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Libertas Institute
Salt Lake City was ranked Utah's least free city in a new report released by the Libertas Institute, which purchased billboards like this one in winning and losing cities.

SALT LAKE CITY — The Libertas Institute has ranked Utah's cities by how "free" they are, and the state's capital city placed dead last.

While Salt Lake City is apparently the state's least free city, the rural Heber City ranked highest for "individual liberty, private property rights and free markets," according to the libertarian organization's Freest Cities Index released Wednesday.

"We're pleased that the index appears to represent that we don't have burdensome regulations on our citizenry," said Heber City Manager Mark Anderson. "I'd like to think it's reflective of a mayor, council and staff that successfully balance the needs of individuals with the needs of the community."

But David Everitt, Salt Lake City Mayor Ralph Becker's chief of staff, said Utah's capital faces unique challenges as the state's densest and most economically prosperous city, so it must strive to maintain its "high standards for public safety."

"We make no apologies for making every effort necessary to protect those who are vulnerable and to ensure that basic life safety needs are being met in a robust manner," Everitt said. "This city government is very sensitive to its residents, and I think if there was a real concern about the level of regulation, then our residents would be making that clear, not a libertarian think tank."

After analyzing Utah's top 50 most prosperous cities, the index produced a score by weighing 100 metrics, including free speech, gun regulations, alcohol sales, city debt, business permit fees, sales taxes, city-owned enterprises and animal restrictions, among others.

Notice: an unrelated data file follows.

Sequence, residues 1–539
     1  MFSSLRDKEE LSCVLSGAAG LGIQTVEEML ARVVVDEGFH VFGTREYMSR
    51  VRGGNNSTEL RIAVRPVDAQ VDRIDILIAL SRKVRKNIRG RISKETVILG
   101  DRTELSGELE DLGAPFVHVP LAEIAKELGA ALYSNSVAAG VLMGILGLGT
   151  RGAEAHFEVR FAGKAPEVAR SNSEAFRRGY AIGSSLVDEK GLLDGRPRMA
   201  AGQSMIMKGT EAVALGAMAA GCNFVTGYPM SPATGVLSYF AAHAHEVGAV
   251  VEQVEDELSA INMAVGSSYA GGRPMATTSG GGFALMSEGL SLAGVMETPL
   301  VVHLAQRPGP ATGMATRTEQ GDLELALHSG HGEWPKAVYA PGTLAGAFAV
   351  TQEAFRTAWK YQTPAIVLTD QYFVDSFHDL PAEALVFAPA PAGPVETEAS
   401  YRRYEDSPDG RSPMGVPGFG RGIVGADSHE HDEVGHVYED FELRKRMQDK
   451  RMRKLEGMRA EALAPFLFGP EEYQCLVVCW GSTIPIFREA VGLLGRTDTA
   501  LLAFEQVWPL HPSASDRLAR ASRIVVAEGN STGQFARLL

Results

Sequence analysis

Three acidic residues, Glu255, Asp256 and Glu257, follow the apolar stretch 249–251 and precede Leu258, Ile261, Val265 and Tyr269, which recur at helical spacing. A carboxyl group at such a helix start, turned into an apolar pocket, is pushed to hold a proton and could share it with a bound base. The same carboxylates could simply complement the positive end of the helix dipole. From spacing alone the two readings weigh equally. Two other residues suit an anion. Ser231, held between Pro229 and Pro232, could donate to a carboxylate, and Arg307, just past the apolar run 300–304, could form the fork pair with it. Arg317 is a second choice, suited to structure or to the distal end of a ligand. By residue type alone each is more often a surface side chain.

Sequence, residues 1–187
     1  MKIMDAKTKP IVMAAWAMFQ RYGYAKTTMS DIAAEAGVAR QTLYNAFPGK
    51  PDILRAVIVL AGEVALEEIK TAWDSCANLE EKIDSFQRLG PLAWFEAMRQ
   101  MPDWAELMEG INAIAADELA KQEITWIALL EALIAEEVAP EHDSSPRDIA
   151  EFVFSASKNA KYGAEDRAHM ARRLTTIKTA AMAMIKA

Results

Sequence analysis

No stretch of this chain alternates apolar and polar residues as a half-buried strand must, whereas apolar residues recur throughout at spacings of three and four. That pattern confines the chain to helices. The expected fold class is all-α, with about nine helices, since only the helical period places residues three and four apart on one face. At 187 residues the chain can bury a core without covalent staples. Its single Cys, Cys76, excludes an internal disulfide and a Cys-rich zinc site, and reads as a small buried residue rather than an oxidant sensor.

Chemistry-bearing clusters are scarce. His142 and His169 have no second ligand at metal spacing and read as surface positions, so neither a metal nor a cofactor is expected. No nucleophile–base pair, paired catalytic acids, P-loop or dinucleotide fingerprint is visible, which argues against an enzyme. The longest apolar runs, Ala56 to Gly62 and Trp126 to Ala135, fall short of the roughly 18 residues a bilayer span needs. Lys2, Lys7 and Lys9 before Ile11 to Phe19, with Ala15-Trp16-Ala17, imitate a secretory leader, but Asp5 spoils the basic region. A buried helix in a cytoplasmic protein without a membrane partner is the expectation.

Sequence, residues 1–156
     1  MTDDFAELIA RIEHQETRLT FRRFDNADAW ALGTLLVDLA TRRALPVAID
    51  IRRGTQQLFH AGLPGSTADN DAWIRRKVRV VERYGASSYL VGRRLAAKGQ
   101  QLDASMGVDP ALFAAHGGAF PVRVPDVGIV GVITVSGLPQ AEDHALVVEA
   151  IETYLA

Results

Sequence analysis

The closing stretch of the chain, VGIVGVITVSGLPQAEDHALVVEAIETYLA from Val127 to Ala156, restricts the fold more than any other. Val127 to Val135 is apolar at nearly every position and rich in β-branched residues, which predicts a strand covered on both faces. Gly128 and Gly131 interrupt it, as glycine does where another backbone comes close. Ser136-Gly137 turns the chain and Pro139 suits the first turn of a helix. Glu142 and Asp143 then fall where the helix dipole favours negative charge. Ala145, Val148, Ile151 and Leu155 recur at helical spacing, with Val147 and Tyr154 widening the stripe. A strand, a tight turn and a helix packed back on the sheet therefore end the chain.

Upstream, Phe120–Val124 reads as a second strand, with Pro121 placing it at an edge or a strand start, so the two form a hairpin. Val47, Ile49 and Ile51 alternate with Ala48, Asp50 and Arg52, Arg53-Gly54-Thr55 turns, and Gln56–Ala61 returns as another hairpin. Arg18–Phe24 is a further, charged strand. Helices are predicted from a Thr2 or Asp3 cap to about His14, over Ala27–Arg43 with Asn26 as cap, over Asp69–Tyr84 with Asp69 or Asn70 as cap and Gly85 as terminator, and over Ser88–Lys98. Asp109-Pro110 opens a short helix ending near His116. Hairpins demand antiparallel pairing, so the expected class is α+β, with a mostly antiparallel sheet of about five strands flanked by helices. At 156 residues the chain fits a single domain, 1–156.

"City governments throughout the state are in sore need of transparency and accountability," said Connor Boyack, president of the Libertas Institute. "We routinely hear from Utahns who are frustrated with their city yet lack the knowledge or time to investigate the issues that matter. This index provides a huge leap forward in both educating and empowering individuals throughout Utah to make a positive change in their community."

Salt Lake received its best scores for low restrictions on beer sales (by not imposing any day or time restrictions on the retail sale of beer) and having an easily searchable database for city laws. But its ranking was dragged down by having strict gun restrictions, regulating campaign contributions, charging high business licensing fees, imposing high sales tax burdens and requiring a permit to stage protests.

Salt Lake regulates firearms in ways inconsistent with state and federal laws, such as prohibiting carrying a firearm in parks. The city's limits for mayoral race donations max out at $7,500, and $1,500 for City Council candidates. For business licensing, the city charges $111 for a home occupation license, $264 for a small commercial license and $12,897 for a large commercial license.

Surprisingly, while Salt Lake ranked low for animal restrictions, it stood out as being one of the most accommodating cities for chickens, allowing the fowl to reside in residential areas on some of the smallest lots in Utah.

Heber City, however, received a higher score by not requiring protest permits, having no campaign contribution limits, placing no specific city regulations on firearms, owning no enterprises that compete with the private market and imposing a low sales tax burden on its residents.

"Heber did really well across the board," said Josh Daniels, a policy analyst at the Libertas Institute. "Salt Lake would be well-served by looking at some of its neighboring cities and repealing some regulations, especially by rethinking gun restrictions and reducing some of their city fees for licenses and permits."

But Daniels did acknowledge that ranking cities can be like comparing apples and oranges.

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"At the end of the day, Salt Lake is very different from Heber," he said. "In our index, we found smaller, more rural cities tend to do better, and larger urban cities tend to fall to the bottom. If you move to a smaller town, the government is going to be smaller and less involved."

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Freest cities

1. Heber

2. Farmington

3. Woods Cross

4. West Haven

5. Syracuse

6. North Ogden

7. Tooele

8. Centerville

9. Bountiful

10. Clinton

Least free cities

1. Salt Lake City

2. Ogden

3. Sandy

4. South Salt Lake

5. American Fork

6. Provo

7. Clearfield

8. West Valley

9. Orem

10. Washington

Email: kmckellar@deseretnews.com

Twitter: KatieMcKellar1